I definitely have mostly positive memories when I think back to the university itself. I had some great stereotypical lecturers. My Old English and medieval literature teacher was a man with very long curly red hair, and when he read an Old English poem, the class would sit in complete silence, admiring his pronunciation. My lecturer for American studies was an Irish man with a great Irish accent and a massive beard.

A last piece of advice: don't pretend to be something you are not in order to make friends. The idea of moving to a different country, where your trusted friends and family members are always a two taxis, four trains and a plane journey away can be terrifying. However, do not go crazy partying in fresher’s week or join sports societies when you don’t actu-ally like sports in an attempt to make as many friends as possible. Do, however, join societies that you are interested in! The fee is often small and it is great to have weekly meetings with groups of like-minded people, as there is always a society that caters to your interests. Go to the introductory free meetings of all the societies you might be interested in to rule out the boring ones. I went to the first meetings of the Anime, Creative Writing, Disney Appreciation, Doctor Who Appreciation, Feminist, and Harry Potter societies. I joined about half of them and went to quite a few meetups over the year. I have fond memories of the Harry Potter Society’s Halloween gathering. We sat around a long table in weird dresses, eating weird Halloween candies. I also greatly enjoyed watching lots of weird old episodes of Doctor Who with badly animated monsters, and the social meetings of the Feminist Society.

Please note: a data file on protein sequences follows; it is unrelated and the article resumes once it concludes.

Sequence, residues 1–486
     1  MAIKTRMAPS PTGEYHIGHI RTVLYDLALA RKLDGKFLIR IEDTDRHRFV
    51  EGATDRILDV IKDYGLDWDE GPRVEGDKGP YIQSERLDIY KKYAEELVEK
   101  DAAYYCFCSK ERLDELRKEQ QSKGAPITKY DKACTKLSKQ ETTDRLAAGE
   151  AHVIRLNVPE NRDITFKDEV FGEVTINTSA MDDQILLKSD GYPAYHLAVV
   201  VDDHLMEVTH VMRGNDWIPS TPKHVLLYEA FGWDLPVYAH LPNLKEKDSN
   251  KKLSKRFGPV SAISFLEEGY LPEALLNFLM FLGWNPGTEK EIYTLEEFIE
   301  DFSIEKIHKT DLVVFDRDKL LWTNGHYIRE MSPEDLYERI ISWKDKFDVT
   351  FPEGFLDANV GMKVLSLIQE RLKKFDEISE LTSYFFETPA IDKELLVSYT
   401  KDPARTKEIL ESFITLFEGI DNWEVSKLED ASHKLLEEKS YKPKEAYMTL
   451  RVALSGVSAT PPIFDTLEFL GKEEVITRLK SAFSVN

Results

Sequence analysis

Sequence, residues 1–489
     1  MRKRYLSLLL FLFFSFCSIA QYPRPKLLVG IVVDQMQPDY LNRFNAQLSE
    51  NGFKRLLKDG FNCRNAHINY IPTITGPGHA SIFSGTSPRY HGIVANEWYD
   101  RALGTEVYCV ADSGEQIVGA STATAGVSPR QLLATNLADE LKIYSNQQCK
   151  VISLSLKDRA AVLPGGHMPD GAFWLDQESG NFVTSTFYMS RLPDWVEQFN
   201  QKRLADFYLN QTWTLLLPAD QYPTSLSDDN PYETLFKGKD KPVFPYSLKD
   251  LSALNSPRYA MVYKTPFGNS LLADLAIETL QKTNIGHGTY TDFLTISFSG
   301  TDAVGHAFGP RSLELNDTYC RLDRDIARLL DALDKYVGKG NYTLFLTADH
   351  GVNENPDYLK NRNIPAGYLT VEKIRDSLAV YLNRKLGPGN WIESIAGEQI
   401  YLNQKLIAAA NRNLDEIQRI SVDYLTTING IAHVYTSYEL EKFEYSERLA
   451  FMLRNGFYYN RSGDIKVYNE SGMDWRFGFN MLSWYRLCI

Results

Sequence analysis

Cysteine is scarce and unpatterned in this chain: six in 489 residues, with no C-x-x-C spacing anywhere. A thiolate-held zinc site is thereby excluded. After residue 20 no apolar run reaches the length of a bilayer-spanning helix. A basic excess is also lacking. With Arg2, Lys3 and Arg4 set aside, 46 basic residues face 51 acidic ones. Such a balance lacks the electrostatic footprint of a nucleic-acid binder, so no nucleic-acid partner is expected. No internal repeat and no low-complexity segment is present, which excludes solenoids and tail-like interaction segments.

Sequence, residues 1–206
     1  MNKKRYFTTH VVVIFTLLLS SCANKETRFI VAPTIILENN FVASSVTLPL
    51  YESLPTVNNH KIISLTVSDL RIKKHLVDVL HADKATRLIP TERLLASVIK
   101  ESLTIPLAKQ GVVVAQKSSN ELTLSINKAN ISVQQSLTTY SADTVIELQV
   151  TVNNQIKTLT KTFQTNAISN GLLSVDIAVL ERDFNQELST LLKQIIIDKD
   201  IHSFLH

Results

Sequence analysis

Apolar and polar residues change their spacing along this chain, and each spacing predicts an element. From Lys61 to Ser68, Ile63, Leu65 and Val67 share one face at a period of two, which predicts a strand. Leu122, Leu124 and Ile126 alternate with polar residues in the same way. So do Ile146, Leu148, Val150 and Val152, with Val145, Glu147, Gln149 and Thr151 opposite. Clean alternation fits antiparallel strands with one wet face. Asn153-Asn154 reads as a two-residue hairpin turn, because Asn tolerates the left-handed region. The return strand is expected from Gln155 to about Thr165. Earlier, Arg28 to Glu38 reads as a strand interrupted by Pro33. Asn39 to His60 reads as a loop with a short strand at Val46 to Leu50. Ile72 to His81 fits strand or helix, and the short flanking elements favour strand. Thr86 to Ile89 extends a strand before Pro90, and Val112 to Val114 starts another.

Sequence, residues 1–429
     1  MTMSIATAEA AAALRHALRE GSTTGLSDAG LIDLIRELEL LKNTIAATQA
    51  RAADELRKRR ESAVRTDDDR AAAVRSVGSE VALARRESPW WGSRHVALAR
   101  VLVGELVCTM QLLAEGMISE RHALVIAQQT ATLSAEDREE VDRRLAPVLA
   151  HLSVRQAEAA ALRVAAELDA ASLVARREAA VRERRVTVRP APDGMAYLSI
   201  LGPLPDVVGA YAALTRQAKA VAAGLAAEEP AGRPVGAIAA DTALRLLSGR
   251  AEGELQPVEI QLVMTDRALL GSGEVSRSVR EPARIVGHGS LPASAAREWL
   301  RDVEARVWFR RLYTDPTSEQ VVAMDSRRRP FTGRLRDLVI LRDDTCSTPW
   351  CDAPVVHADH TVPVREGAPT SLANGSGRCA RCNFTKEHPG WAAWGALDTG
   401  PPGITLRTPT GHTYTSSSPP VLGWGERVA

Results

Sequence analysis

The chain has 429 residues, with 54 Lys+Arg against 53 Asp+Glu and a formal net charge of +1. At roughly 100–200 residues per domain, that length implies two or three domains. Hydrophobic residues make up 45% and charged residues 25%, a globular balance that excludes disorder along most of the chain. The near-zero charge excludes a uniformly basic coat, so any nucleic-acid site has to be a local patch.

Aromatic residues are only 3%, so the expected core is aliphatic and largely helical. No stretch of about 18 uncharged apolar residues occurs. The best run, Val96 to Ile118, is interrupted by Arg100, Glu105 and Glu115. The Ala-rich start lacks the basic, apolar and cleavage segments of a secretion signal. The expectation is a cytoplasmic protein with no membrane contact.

In England, almost all first-year students move into halls close to the university or actually on campus. However, I chose not to do this as it was ridiculously expensive and I could save an incredible amount of money by living in a private student accommodation. This meant my housemates were all second-year students. Two of them even studied English literature, which was great, as this meant I could borrow all their books and they could help me with my Old English translations. There were lots of stereotypical things happening in the house. My housemates continually made cups of tea during the day (except for the rebel, who proclaimed she hated tea and English culture) and have bacon and eggs for breakfast (except the health freak, who ate raw broccoli). My housemates were absolutely wonderful, and they were actually my closest friends during the year. I thoroughly enjoyed our board game and pizza nights and midnight trips to the 24/7 ASDA down the road. I was definitely very lucky to have these housemates, and whether you’re going to live on the university campus or find private accommodation, you always have to wait and see what your housemates are like.

Of course, I was still lonely at times. I went home twice during that year: once for a three-week Christmas break and once for a four-week spring break. I had never been away from my family, friends (and cats) for so long, so naturally I missed them and made lots of sad phone calls, trying to get my cat to meow into the phone.

My year in England was great and I would do it all again if I could, but it is always important to remember that it will not 100% fun all the time. And that is okay, too.

by Romy Esselink